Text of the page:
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But what if you didn't have to choose?

Our testing proved the Kenmore Elite 21814 (MSRP $449) to be a well-rounded bagged vacuum, competent in cleaning everything from dusty corners to high-pile carpets. Plus, the Pet PowerMate attachment is ideal for cleaning up after Mittens takes a catnap on your couch.

And you don't have to spend a fortune. If you're willing to shell out $450, this vacuum could be ideal for your home.
In this section we delve into the numbers and the stories they tell. The results from the tests told us the Kenmore Elite 21814 cleans normal carpet relatively well. Although the 21814 fell a little short on high-pile carpet, we thought the performance in other categories more than made up for it.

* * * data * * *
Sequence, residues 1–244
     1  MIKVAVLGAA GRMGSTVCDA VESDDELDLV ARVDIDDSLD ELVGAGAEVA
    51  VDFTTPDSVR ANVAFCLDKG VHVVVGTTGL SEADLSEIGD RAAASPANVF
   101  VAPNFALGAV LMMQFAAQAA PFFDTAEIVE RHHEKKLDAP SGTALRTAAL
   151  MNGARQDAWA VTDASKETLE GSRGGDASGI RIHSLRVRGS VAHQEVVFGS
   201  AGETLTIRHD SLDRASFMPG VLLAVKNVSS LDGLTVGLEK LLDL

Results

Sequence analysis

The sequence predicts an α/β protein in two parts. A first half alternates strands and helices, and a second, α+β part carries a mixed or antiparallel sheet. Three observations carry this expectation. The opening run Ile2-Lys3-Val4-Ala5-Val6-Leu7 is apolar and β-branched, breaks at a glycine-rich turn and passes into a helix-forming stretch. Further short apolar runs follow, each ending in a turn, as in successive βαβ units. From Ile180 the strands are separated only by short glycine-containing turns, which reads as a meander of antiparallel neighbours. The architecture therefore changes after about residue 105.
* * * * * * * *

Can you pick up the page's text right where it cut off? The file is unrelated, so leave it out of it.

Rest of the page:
To test how loud the 21814 is, we placed the vacuum in an audio chamber. Our instruments picked up a maximum volume of 72.9 dBA. That result lands the vacuum smack dab in the middle of our sound test's possible outcomes. It's not extremely loud, but it's certainly loud enough for everyone in the house to know when you're vacuuming.

The standard lineup

If you've purchased a Kenmore canister in the last decade, none of the 21814's attachments will surprise you. The crevice tool is located on the handle, as is standard with these Kenmore canisters. On board the canister, you'll find the Pet PowerMate brush, a horsehair brush for dusting, and another horsehair brush for cleaning the floor.